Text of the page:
August 15th was a Polish national holiday to commerorate Polish Armed Forces Day and the Christian religion's Feast of Assumption
Armed Forces Day, previously known as Soldiers' Day, was marked in pre-war Poland on 15 August, in remembrance of the repulse of the Red Army from Warsaw in the so-called 'Miracle on the Vistula' of 1920.
When a communist regime was installed in Poland following the Second World War, the new authorities switched the celebrations (under a new name) to 12 October, owing to the impossibility of honouring a defeat of a Soviet army.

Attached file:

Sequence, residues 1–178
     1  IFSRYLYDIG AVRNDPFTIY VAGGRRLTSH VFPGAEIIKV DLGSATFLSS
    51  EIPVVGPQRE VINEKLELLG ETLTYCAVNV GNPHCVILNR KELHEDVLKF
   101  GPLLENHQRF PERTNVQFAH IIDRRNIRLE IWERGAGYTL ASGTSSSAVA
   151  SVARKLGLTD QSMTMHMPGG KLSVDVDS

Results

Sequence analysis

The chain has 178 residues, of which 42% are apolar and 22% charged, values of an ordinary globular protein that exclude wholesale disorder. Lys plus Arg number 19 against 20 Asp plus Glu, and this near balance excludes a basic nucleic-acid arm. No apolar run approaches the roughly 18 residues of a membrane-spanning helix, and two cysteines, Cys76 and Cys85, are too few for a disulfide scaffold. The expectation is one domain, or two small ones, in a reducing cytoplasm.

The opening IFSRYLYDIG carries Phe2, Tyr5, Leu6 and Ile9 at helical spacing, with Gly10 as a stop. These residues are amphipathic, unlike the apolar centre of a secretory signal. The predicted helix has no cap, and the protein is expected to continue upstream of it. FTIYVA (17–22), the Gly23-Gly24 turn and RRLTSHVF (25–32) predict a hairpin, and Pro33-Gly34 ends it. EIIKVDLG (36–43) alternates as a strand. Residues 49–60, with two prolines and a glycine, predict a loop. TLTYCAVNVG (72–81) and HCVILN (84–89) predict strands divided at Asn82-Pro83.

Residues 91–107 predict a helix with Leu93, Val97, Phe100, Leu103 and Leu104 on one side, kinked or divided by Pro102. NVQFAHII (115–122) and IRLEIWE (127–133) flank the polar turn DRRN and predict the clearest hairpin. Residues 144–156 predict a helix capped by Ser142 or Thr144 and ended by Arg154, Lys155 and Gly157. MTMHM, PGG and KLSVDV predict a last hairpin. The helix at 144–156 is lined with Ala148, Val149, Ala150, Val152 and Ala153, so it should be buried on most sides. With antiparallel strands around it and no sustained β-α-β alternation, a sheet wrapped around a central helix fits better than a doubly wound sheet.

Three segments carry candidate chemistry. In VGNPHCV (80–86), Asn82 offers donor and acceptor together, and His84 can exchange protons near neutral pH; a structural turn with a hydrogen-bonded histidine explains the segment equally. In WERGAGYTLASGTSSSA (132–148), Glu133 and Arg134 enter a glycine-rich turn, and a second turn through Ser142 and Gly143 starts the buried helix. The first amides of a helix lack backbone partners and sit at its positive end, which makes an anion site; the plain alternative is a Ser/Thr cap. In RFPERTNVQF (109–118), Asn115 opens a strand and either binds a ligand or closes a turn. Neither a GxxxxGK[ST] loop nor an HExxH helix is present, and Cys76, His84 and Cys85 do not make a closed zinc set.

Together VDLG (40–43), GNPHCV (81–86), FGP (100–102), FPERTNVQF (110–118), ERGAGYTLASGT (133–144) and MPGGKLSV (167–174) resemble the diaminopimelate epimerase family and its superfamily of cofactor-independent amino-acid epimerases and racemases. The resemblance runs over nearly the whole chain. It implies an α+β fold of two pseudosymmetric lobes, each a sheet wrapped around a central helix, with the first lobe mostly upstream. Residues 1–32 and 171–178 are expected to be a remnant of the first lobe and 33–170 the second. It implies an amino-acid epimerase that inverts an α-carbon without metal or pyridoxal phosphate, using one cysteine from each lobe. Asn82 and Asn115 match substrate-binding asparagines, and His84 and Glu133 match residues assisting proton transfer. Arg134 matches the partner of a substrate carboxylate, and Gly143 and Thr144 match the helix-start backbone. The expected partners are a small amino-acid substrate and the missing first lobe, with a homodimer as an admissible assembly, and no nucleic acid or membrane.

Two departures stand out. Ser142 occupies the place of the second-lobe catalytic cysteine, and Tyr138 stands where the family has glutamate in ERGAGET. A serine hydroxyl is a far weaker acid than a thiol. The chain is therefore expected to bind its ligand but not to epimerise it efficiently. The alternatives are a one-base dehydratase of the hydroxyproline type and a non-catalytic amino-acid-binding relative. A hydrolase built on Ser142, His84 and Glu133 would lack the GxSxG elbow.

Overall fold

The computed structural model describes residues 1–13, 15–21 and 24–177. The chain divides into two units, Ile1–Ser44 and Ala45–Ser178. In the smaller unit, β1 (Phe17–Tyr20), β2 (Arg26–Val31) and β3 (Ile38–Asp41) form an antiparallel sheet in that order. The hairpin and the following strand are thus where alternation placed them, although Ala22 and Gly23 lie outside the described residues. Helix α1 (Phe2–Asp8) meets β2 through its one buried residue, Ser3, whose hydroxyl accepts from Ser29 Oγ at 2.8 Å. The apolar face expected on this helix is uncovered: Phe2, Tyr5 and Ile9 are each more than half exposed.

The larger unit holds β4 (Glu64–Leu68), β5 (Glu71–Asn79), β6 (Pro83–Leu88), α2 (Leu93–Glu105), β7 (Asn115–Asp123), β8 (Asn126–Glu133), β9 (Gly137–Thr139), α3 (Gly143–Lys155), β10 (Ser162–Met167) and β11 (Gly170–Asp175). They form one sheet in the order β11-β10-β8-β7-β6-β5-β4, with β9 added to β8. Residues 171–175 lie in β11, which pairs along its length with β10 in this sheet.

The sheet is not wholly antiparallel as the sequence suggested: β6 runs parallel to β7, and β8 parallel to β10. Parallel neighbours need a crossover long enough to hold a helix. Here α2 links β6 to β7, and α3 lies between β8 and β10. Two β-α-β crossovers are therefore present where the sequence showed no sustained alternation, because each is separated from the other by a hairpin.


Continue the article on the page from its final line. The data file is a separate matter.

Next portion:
It was not until 1992, following the collapse of communism, that the original date of 15 August was reinstated.
Meanwhile, the Feast of the Assumption of the Blessed Virgin Mary, which has been celebrated by Catholics for centuries, has a distinctive dimension in Poland, with the culmination of a time-honoured pilgrimage.
All the big shops were closed but the city centre had lots of tourists and crowds, so the cafes and bars there were probably open.